September 05, 2006

Experiment canelloni with mushrooms

Autumn has come to Stockholm! I am not complaining, this is a really pleasant time of the year I think, with the clear air, glowing trees and endless possibilities to enjoy cups of tea on the couch instead of having to run around and play outside even if you don´t feel like it. What I do like to do outdoors is to pack some fika, put on my rubber boots, bring some nice company (or enjoy my own company) and go mushroom-picking in the forest. My man likes it too, and what´s more, he is really good at it. I have learned a lot since I met him but still I don´t always have the "eyes" to see the chanterelles. He always, always succeeds, and hence brings home truckloads of mushrooms. We rinse them and cook them and freeze them in little bags, over and over every weekend until the snow comes. But do we actually eat them? No. We love mushrooms, but it feels a little luxurious to use them in everyday cooking. And that is why I opened the freezer this Sunday and found about 20 little bags of chanterelles dated "04". And let me just say that it is totally OK to eat frozen mushrooms from 2004, as long as you have cooked them without any fat they are fine!

I decided then and there to put more luxury into our everyday life and started off by defrosting two bags for this canelloni, also invented then and there. I used thinly sliced and shredded beef instead of the mince I had planned but didn´t find at the store, and spiced half of the canelloni with crumbled blue cheese, half of them with Dijon mustard. Sorry, no proportions and no picture but I think you´ll get a good picture of this anyway. A tasty and flexible dish.

Experiment canelloni
Mushrooms and thinly shredded beef, about 50/50. I used about 300 grams of meat and maybe 200 ml mushrooms
chopped onion, I used one yellow onion
salt, pepper, balsamic vinegar
fresh lasagna sheets
cooking cream
some good grated cheese
It is good to flavour the mix with dijon mustard or some blue cheese. Or maybe some fresh herbs!

Brown the meat and then add the onions and mushrooms. Let it simmer for some minutes and spice to taste with salt, pepper and a splash of balsamic vinegar (which I always use with mushrooms in any form). Put in some mustard or cheese, or both (but not in the same canelloni I think)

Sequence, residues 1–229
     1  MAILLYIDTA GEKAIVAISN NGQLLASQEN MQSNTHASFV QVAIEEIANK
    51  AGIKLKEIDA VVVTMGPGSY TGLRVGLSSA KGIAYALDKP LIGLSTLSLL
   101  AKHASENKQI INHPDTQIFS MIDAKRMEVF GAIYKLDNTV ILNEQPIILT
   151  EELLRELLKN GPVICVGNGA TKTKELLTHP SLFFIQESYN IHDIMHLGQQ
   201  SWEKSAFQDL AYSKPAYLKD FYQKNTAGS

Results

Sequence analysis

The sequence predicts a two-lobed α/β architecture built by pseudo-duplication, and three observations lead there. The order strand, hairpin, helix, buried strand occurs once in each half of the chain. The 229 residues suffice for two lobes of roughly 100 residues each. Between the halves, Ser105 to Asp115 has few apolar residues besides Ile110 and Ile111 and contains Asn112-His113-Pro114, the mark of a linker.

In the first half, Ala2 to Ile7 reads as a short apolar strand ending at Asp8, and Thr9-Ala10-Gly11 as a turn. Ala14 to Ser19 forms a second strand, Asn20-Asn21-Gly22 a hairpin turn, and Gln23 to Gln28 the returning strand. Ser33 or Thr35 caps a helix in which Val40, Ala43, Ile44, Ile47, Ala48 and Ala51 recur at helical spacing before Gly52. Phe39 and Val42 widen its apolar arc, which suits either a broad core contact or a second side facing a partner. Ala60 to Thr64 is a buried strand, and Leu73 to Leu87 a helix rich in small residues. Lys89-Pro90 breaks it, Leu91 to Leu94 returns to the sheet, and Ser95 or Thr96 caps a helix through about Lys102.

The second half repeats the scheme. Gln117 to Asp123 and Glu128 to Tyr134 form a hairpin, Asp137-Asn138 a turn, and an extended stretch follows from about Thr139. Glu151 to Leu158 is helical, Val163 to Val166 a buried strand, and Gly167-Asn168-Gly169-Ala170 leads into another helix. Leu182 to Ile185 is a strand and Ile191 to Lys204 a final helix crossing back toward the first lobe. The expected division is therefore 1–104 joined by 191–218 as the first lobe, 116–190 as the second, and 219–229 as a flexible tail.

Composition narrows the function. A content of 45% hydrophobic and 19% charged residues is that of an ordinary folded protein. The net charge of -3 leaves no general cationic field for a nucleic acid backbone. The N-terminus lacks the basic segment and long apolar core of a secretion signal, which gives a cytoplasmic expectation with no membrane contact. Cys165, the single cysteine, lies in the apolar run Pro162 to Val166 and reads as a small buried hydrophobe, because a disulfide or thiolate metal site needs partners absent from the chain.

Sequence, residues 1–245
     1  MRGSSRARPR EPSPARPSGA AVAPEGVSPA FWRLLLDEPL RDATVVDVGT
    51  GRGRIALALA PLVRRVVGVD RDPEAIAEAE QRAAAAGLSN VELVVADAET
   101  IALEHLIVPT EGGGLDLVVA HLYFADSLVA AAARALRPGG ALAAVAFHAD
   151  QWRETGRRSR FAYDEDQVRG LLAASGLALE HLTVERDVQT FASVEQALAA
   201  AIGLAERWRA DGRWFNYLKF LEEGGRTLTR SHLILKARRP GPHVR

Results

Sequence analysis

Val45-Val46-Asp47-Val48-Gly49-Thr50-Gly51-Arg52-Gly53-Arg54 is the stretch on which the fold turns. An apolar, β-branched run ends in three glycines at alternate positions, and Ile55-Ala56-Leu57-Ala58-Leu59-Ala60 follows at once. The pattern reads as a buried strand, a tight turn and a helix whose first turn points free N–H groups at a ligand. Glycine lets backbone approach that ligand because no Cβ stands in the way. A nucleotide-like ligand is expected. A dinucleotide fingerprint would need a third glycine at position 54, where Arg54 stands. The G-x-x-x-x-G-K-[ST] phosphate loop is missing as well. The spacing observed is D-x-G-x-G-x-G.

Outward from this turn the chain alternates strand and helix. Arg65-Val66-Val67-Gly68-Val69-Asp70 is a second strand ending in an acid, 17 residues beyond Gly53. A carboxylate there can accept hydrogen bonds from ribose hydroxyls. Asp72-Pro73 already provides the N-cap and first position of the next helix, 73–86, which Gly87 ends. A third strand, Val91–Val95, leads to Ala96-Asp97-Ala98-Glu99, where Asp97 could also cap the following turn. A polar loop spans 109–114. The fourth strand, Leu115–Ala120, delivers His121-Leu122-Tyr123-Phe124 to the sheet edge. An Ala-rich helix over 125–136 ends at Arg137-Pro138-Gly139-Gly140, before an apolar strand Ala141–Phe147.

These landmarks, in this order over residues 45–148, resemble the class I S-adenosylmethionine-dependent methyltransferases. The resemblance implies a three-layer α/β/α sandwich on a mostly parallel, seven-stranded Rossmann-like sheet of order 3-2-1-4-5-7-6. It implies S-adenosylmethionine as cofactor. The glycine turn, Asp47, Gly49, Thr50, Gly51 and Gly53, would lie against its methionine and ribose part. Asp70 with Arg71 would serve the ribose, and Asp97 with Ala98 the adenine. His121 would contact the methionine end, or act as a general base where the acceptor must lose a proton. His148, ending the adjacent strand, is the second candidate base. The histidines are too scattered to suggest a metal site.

Cut the lasagna sheets in about 15x15 cm long pieces, put on some filling, roll it up and put in an ovenproof dish
When you have all the canelloni you want, pour over cooking cream or maybe some good stock to almost cover the rolls. Mine wasn´t really covered and was a bit on the crunchy side after baking.
Scatter over some cheese and bake in the oven until golden.
Serve with a fresh salad and start to think about what you are going to do next with mushrooms.


Henrik said...

Help! I have two bags of chanterelles in my fridge that are going to go off any day now - I read that they are not suitable for drying (and therefore not dry-freezing) - how did you freeze yours, and were they OK afterwards?

Clivia said...

Oh dear, better work quickly then! No, chanterelles are no good to dry. Instead rinse them very carefully with a brush, cut them in smaller pieces (but not too small, it is nice to be able to see what it is when you use them) and then put them in a skillet on low heat. After a little while they will produce some own fluids. Let the mushrooms simmer until the fluids has gone back into the mushrooms, take away from the heat, let it cool off and pack in freezer bags. The mushrooms will be fine for a couple of years!

Henrik said...

Thank you! You have saved me half a kilo of gold.

Anonymous said...

How about leaving some chanterelles for other mushroom-lovers? Or maybe you can sell the bags. I hear bags of mushrooms are very popular around clubbers.

Cascabel said...


today I made a very nice dish using a handful of the dried funnel chanterelles you sent me in your EBBP #5-parcel, see
Thank you again!

We also love to go mushroom-picking as you can see here